A few months ago, in a story called "Ready to Get Serious About E-Mail Privacy?" (January Internet Tips, www.pcworld.com/jan00/hh_internet), I reported that you have to purchase a Digital ID certificate if you want to possess one that doesn't expire after a brief demo period. But reader Lanny Marcus of Cali, Colombia, points out an alternative: Thawte Consulting offers unlimited free certificates to online visitors. To sign up for a personal certificate, visit Thawte's Web site at www.thawte.com/certs/personal.
Competing certificate authority VeriSign, which does not offer free certificates, recently bought Thawte, but Thawte will continue to offer its personal certificates for free.
Find files from this article at www.fileworld.com/magazine. Send your questions and tips to firstname.lastname@example.org. We pay $50 for published items. Scott Spanbauer is a contributing editor for PC World.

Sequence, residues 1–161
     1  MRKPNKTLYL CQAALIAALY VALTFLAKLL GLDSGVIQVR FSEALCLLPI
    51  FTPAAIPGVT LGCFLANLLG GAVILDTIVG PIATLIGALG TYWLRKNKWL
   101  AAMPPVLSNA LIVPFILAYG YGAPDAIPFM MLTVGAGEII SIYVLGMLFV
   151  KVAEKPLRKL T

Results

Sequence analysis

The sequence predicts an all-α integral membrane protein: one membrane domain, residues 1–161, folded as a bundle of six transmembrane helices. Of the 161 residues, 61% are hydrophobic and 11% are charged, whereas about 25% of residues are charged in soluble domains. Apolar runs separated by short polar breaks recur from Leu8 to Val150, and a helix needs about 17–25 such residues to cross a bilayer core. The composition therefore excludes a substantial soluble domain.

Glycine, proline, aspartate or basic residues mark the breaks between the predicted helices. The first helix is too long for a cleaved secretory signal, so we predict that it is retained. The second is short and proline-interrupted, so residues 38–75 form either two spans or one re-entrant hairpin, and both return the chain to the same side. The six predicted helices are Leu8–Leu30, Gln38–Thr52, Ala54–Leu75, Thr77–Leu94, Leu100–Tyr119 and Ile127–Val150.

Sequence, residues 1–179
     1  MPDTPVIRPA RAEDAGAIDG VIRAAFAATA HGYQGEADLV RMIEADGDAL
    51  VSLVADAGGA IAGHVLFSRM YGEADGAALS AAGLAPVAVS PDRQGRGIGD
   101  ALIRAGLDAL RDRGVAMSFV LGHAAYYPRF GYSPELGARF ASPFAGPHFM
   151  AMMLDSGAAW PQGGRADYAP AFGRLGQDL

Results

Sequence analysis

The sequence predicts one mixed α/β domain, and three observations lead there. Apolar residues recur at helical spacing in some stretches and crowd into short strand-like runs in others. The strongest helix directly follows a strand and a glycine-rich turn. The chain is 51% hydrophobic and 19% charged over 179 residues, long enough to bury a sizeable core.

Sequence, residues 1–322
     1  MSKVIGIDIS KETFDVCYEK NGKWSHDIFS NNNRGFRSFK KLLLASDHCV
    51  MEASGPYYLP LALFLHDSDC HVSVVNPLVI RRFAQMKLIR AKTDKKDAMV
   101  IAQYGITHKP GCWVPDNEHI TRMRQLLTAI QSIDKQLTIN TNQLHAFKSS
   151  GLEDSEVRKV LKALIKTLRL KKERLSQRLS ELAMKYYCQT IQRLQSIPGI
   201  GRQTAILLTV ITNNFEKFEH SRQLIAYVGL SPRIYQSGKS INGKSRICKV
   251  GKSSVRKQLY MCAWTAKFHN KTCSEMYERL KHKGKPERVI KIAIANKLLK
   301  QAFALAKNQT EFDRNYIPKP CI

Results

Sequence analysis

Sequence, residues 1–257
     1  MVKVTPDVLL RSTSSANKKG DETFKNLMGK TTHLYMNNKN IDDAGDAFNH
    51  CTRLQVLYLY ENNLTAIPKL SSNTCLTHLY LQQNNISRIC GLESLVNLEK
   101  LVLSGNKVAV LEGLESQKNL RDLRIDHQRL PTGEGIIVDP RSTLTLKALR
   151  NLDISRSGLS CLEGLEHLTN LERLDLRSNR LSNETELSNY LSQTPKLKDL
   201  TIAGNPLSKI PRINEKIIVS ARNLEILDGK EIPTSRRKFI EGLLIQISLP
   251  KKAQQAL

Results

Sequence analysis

Maximize New IE Windows
Navigator does it, why can't Internet Explorer? When you right-click a link in either browser, one choice on the menu that pops up is to open the link in a new window. Navigator dutifully opens a window the same size as the current one. But IE stubbornly uses a smaller size by default, which means that you have to maximize the window yourself. Here's a work-around. Instead of right-clicking the link, press
Download of the Month
ICS Remote Disconnection Utility
I promise i'll stop obsessing about Windows 98 SE's Internet Connection Sharing soon--but it has changed life as I knew it on my office network. If you're similarly enamored with the feature (which allows one system to share its internet connection with other computers on the local network), you'll want to try out Twiga Limited's free Remote Disconnection Utility. RDU allows any computer running the shared connection to close it when they are done and notifies other users of the impending disconnection. You can find a single 1.5MB download containing both the client and the server portions of the utility on FileWorld, or on Twiga's site (www.twiga.ltd.uk).